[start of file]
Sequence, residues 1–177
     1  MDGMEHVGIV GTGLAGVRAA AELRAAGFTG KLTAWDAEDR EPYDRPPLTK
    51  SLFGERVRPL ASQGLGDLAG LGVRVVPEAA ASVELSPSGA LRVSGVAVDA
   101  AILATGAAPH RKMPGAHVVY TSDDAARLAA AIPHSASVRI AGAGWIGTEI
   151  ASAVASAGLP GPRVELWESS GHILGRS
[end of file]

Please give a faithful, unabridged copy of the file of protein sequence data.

Sequence, residues 1–177
     1  MDGMEHVGIV GTGLAGVRAA AELRAAGFTG KLTAWDAEDR EPYDRPPLTK
    51  SLFGERVRPL ASQGLGDLAG LGVRVVPEAA ASVELSPSGA LRVSGVAVDA
   101  AILATGAAPH RKMPGAHVVY TSDDAARLAA AIPHSASVRI AGAGWIGTEI
   151  ASAVASAGLP GPRVELWESS GHILGRS